These occur often enough in modern Chinese that meaningful frequency data can be found. Thus, you can use the deck to find characters you maybe should know, but don’t. Let’s say you know 3,800 characters, and there are a bunch of characters in the 2,500 to 3,000 range you don’t know, then learning those will have a positive effect on your reading ability.

This is one of the few cases where I think learning single characters directly from a list like is advisable for most students, i.e. when you use it to plug holes in your character knowledge well within your current level.

Second, the order of characters beyond 7,000 is not reliable

This is because the corpus is not big enough to sort these characters among themselves. You need a truly humongous set of texts to find hundreds or thousands of occurrences of 岍, the name of a mountain in Shaanxi, rank #9783 in the frequency list.

As it happens, this character was only found once in the corpus, and that’s true for many of the rarest characters. If the single text this character occurred in had been left out and another included instead, the list would have contained a different character used to point to a different mountain somewhere else.

Third, the corpus used here is modern, simplified Chinese, but it still contains traditional characters

It’s important to realise that only a couple of thousand characters were simplified, which means that when you get to very rare characters, talking about simplified and traditional characters becomes a bit pointless.

You will also find traditional characters in simplified texts, although at a much lower rate. For example, 门, “door; gate”, is very common at rank #185, but the traditional version of the same character, 門 is also included in the list at rank #6028. While I can’t say for sure, it’s not unreasonable to think that simplified texts talking about the origins of Chinese characters or about character simplification will mention the traditional form. This is enough to make the traditional 門 more common than some really obscure characters, even though all the texts are in simplified Chinese. For example, 铑, “rhodium”, is at rank #6031, which makes it less common than the traditional character 門, even though it’s clearly simplified.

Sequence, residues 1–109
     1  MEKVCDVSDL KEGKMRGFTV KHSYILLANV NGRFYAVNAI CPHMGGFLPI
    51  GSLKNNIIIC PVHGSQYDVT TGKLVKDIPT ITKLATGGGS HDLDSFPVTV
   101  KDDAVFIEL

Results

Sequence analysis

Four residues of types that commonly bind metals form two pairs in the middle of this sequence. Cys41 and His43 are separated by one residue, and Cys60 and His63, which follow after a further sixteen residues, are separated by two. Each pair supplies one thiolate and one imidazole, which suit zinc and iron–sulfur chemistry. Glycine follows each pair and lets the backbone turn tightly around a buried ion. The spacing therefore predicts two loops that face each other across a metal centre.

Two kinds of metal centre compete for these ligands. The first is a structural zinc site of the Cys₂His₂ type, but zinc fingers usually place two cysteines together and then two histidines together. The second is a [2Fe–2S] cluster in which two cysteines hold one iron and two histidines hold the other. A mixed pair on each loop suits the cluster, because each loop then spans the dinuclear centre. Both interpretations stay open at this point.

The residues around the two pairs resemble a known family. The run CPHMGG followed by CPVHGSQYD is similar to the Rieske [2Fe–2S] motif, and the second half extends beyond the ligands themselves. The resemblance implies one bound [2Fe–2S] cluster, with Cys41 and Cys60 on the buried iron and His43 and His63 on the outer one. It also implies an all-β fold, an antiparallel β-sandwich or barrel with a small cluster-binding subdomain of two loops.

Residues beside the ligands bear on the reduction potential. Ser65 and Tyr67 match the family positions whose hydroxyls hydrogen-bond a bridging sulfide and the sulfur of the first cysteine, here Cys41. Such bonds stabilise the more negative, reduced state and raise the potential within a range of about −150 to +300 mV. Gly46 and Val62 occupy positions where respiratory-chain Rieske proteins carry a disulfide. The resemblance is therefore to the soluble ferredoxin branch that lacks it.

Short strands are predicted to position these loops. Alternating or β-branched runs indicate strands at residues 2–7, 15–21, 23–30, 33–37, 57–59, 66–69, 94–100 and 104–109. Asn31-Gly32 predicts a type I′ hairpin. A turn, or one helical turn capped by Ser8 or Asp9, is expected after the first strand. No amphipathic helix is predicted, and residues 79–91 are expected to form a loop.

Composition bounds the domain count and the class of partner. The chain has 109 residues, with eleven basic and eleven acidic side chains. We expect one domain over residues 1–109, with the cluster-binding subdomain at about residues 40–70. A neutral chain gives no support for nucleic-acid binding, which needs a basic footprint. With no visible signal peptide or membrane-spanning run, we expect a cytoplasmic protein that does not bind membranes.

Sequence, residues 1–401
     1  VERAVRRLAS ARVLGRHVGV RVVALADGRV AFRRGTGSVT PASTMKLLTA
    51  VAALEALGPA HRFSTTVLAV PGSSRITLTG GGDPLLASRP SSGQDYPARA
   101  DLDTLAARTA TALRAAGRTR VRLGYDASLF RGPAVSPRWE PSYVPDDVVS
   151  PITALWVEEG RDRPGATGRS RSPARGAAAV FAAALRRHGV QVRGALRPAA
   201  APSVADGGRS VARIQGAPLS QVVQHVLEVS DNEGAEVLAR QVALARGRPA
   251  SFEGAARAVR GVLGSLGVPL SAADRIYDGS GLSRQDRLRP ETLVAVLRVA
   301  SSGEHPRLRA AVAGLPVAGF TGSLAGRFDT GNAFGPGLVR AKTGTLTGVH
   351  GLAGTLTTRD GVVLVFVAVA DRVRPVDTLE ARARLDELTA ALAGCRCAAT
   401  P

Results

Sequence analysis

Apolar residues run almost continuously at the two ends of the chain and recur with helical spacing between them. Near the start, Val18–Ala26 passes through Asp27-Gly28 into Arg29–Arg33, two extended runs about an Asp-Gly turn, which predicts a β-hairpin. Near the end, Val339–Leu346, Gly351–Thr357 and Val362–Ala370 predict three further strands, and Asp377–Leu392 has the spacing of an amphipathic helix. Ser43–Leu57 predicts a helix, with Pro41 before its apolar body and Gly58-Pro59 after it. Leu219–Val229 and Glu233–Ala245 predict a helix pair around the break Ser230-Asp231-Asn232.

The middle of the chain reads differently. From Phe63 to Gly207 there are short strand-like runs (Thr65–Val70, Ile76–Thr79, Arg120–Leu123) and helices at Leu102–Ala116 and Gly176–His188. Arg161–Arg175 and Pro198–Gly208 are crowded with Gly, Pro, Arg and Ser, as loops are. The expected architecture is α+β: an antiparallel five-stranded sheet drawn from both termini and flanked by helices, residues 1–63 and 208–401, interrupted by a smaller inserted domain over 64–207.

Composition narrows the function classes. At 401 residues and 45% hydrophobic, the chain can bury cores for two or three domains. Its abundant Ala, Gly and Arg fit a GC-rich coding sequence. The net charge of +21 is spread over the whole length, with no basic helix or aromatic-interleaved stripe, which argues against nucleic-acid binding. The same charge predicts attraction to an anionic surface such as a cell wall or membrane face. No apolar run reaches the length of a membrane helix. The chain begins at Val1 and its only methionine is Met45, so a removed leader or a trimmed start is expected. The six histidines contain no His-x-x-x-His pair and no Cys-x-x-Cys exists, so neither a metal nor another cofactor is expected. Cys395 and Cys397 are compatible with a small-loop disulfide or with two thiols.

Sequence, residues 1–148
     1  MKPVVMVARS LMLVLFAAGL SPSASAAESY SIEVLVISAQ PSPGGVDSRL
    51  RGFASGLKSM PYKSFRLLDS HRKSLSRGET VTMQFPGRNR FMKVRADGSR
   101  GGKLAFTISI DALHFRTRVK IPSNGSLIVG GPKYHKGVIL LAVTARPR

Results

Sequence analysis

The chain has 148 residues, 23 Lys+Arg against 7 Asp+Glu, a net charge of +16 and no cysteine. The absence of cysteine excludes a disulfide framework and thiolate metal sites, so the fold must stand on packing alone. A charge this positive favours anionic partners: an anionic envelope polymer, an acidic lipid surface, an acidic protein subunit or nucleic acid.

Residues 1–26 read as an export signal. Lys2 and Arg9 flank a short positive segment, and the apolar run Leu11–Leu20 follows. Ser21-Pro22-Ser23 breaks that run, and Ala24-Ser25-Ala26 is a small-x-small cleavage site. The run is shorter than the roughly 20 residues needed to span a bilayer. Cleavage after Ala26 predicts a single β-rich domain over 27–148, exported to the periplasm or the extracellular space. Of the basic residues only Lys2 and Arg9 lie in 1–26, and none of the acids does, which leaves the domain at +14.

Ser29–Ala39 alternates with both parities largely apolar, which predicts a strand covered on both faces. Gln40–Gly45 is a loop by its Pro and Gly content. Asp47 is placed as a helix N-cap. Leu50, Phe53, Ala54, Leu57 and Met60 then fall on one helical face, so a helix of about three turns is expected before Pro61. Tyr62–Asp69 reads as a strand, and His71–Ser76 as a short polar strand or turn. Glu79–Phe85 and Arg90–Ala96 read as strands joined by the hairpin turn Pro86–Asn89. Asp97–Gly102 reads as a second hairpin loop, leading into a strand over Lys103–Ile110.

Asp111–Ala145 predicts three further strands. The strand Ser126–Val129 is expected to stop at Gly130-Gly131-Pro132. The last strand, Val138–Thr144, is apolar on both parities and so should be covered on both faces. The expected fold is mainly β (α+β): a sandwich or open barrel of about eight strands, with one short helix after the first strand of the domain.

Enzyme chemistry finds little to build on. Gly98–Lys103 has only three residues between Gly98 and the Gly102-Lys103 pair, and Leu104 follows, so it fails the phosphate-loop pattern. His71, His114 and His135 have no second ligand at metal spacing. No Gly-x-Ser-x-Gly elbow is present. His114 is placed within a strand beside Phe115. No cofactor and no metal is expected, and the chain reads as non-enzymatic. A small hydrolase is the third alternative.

Fourth, we don’t have manually audited data for the rarest characters in Skritter

This means that we have to rely on open-source information regarding pronunciation and meaning. As you can see in the original list (which uses CEDICT), lots of characters are missing pronunciation, definition or both.

Please note that Skritter uses the syllable “chua4” as a placeholder for unknown pronunciation. You will see this reading a lot if you go through the later sections of the deck, but now at least you know this isn’t a weird fluke from Middle Chinese phonology or something. Feel free to submit corrections for characters if you research them and want to add their actual pronunciations and/or definitions.

Fifth, some characters are rare enough that they aren’t covered by standard CJK fonts

You need a font that can handle Unicode extensions (extension B in particular). These characters can’t currently be displayed in Skritter and so they are missing from the deck, which is why there aren’t exactly 200 characters in each section. There’s a total of 29 missing characters listed here

, , , , , , , , , , , , , , , , , , , , , , , , , , , , 

Note: If you see squares, question marks or nothing at all, this is because your browser font can’t handle these characters.

Learning a lot of traditional characters in Skritter

If you want to focus on traditional characters instead, you can use the lists I created for this purpose. These cover 5568 characters and are separated into nine decks roughly matching the nine grades in compulsory education in Taiwan:

  1. 台灣通用字彙(第一級)
  2. 台灣通用字彙(第二級)
  3. 台灣通用字彙(第三級)
  4. 台灣通用字彙(第四級)
  5. 台灣通用字彙(第五級)
  6. 台灣通用字彙(第六級)
  7. 台灣通用字彙(第七級)
  8. 台灣通用字彙(第八級)
  9. 台灣通用字彙(第九級)

I actually went through and learnt every single character in these lists seven or eight years ago, arriving at a total of 6,000 characters in Skritter, counting some character components and extra characters I learnt elsewhere as well. I have since cut down the number to about 5,000, as most of the latter half of level 9 has little practical benefits for someone like me who reads mostly modern Chinese.

How many characters do you know? What did you learn beyond the characters themselves?

If you know of other interesting decks in Skritter or lists outside of Skritter, please leave a comment! Likewise, if you’ve learnt many characters (you can choose your own definition of what that means), it would be great to hear what you think and if you have any suggestions for other learners who want to follow in your footsteps!